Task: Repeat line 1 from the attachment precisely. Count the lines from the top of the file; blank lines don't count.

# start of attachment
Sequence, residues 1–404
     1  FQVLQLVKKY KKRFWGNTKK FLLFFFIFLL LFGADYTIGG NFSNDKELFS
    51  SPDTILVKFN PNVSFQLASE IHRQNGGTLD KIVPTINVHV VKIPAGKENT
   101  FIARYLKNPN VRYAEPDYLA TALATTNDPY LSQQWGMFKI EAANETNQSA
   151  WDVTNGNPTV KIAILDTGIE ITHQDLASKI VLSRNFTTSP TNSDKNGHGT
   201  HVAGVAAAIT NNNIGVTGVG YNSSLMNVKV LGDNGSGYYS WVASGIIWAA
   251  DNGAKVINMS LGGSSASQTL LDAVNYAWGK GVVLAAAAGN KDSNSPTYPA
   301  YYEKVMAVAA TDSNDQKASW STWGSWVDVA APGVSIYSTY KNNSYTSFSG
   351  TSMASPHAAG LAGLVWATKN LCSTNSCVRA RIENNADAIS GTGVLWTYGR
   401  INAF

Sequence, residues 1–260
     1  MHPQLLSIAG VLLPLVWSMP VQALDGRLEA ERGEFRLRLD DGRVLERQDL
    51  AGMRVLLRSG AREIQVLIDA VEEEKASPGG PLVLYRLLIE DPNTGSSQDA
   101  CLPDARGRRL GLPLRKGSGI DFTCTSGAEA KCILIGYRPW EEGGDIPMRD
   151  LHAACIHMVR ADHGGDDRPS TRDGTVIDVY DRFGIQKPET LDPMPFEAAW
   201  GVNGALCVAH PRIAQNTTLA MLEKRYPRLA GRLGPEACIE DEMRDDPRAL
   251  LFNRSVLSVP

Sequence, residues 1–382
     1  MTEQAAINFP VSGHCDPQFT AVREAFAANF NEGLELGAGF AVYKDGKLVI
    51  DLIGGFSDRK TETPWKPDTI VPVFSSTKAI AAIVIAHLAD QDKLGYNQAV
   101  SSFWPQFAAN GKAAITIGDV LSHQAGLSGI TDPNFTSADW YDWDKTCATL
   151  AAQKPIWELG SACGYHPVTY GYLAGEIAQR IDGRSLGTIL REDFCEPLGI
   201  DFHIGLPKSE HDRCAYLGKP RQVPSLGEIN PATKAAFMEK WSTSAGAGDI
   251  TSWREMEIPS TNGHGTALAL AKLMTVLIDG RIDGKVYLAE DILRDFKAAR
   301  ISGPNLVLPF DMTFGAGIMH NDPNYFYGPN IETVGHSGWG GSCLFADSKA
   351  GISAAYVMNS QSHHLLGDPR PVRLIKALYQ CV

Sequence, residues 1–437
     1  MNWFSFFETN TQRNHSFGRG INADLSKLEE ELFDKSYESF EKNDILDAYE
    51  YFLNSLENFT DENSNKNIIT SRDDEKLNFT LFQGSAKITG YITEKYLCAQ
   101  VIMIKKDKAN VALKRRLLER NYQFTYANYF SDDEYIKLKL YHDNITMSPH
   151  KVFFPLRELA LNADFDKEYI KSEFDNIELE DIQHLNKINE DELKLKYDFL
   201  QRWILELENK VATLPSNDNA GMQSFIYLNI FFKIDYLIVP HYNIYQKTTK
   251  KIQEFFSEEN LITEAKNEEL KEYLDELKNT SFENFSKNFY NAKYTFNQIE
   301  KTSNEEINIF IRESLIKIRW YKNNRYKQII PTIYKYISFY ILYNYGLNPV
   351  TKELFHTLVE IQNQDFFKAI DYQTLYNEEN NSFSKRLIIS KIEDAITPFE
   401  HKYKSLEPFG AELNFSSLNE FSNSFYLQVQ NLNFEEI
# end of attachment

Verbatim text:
Sequence, residues 1–404